I believe in Science. By this I don’t mean I believe in the entire scientific establishment or in everything that scientists do, but I believe in the principles that govern scientific reasoning. I believe in rationality as exemplified by the scientific method. I believe in evidence. This declaration may seem odd, coming from a suburban soccer mom, from someone removed from the scientific establishment, but I have believed in scientific reasoning since I was a girl.
I was raised in a mainline religion, one that emphasized faith, obedience and acceptance of “mysteries.” I was told it was wrong to ask questions and to doubt. My early disagreement grew into adolescent revolt. Luckily, I attended a high school with a excellent science curriculum. I also grew up in a time of possibility and in a family that, while embedded in faith, encouraged debate. My father would say “You have to believe in a prime mover” and I was free to answer “No I don’t.” And now I can tell him that he uses what Richard Dawkins calls the “Argument from Personal Incredulity” which I paraphrase as “I don’t understand it, so I will give a supernatural explanation.” And Dad will listen.
One example of my belief is my understanding of the fact of evolution. I say “fact”, because of the frequent abuse of the word “theory.” ‘Theory’ is a more accurate term, when the proper scientific meaning is used. Scientific theories take a body of evidence and explain it as no other ideas can. Theories make predictions that can be confirmed. Theories stand the test of time. Darwin’s grand theory of evolution had stood for almost 150 years of scientific testing. It has made predictions that have come true. For example, I am willing to take a second antibiotic if the first one doesn’t work is because one prediction of this theory has come to pass: some bacteria have evolved to resist drugs.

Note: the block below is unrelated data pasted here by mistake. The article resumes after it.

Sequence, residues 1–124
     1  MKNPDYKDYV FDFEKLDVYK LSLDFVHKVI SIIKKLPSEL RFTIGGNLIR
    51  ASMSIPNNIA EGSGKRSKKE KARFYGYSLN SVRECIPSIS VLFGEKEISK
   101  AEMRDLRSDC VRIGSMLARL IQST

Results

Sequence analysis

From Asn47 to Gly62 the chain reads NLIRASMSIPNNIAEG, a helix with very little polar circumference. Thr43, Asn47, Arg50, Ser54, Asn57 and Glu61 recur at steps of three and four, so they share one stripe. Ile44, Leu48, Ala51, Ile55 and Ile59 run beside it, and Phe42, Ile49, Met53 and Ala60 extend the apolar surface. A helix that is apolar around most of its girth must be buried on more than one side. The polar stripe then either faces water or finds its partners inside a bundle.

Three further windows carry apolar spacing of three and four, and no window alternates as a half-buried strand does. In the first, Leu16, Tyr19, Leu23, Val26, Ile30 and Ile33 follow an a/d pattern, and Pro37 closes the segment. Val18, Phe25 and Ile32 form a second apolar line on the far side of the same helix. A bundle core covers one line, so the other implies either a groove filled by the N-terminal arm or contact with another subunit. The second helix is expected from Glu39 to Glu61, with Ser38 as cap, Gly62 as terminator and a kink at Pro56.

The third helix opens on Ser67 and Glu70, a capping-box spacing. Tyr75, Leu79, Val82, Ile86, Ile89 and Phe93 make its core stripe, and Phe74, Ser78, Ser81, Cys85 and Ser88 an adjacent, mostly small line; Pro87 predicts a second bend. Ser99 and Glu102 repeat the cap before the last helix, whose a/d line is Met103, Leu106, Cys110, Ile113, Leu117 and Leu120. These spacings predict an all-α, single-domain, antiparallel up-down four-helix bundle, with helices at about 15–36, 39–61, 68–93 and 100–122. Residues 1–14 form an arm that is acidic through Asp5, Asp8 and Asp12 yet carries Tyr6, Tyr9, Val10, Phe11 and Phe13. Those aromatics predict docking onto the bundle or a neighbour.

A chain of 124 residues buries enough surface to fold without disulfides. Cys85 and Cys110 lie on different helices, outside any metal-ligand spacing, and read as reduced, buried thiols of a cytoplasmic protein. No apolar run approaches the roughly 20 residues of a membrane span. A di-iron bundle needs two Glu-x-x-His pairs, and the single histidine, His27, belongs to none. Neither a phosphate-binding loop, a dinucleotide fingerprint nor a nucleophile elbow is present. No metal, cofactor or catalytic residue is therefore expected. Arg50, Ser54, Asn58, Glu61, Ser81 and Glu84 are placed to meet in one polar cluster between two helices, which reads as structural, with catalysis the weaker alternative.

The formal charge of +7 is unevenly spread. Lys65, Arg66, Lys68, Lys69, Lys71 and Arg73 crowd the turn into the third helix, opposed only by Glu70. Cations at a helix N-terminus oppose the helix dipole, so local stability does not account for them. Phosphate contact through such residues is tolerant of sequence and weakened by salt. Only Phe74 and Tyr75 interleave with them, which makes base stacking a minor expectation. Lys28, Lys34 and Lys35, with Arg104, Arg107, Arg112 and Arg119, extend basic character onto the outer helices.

My belief in science has brought me a sort of spirituality, grounded in science and imbued with humanist values. We are connected to this world and the animals and plants in it. We are connected genetically and historically. Connection is necessary for our survival. Niles Eldredge says we have changed the terms of our engagement with nature. We try to dominate nature, to make it submit to us. But evolution reminds me that we are all part of a whole.
I haven’t endured much hardship due to my beliefs, because they have infrequently been expressed. Parents at soccer games usually don’t bring up science. I hope that the reason I have not had conflicts over my belief in science is because other people believe in it too…but I read enough of the newspaper and hear enough conversation to know that many people don’t. To me, they just don’t get it.
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